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ESG describes the three areas that characterize a sustainable, responsible, and ethical investment: environmental, social and governnance. The term has become commonplace in corporate boardrooms and in turn, it’s an important area to understand for your commercial awareness.

ESG: Environmental

The environmental aspect of ESG concerns the conservation of the natural world. The environmental criterion considers the environmental risks a company might face in its day-to-day operation, and evaluates the steps the company is taking to manage and mitigate these risks. The E in ESG is arguably the most important, with 88% of One Trust’s global respondents ranking Environment as the highest priority.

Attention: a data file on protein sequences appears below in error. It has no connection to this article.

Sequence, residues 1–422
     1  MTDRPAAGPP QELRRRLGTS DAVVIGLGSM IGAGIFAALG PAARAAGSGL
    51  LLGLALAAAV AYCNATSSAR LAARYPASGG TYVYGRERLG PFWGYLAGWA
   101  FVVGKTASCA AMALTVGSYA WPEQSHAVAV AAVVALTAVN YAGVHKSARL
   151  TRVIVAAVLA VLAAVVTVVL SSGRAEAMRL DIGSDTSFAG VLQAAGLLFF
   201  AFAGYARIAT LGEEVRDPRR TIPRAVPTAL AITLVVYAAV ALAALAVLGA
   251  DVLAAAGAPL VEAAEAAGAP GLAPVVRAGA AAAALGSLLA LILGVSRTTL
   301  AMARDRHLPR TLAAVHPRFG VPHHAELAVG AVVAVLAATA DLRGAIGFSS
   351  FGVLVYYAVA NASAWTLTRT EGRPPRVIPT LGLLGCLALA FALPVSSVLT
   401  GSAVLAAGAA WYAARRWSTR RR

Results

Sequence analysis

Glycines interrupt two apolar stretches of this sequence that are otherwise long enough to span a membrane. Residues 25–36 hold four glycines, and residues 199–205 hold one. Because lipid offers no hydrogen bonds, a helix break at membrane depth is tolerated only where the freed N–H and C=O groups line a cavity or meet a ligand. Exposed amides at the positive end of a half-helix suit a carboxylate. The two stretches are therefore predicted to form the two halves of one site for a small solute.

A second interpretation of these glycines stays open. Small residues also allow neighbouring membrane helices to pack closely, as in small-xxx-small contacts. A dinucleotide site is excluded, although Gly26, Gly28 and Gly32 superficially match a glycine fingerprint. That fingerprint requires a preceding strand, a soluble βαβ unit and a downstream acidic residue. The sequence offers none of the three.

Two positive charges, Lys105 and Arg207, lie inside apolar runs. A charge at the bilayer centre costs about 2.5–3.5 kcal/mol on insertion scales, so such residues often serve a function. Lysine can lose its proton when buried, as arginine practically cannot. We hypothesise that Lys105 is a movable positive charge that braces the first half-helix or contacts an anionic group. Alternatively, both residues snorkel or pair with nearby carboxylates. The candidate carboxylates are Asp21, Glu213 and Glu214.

Factors assessed include:

  • The company’s contribution to climate change through global production
  • The company’s resource depletion, as well as ownership and treatment of contaminated land
  • The company’s contribution to deforestation
  • The company’s use and protection of water and marine resources
  • How the company disposes of its waste
  • How the company manages its pollution and toxic emissions
  • The company’s compliance with governmental environmental regulations
  • The company’s supply chain

That said, there is currently no standardised approach to the calculation or presentation of the Environmental metric. In the UK, guidance can be seen through EU Regulations, but ultimately investors can draw from a variety of data sources to determine how responsible any given investment may be.

ESG: Social

The social concept of ESG focusses on considering other people, and relationships between the company and wider world. The social criterion is based on the idea that companies have a responsibility – to their own employees, and to the societies in which they operate.

Factors assessed include:

  • The working conditions and labour rights of the company’s workforce
  • Initiatives the company has employed to promote diversity and inclusion
  • The company’s understanding and commitment to upholding human rights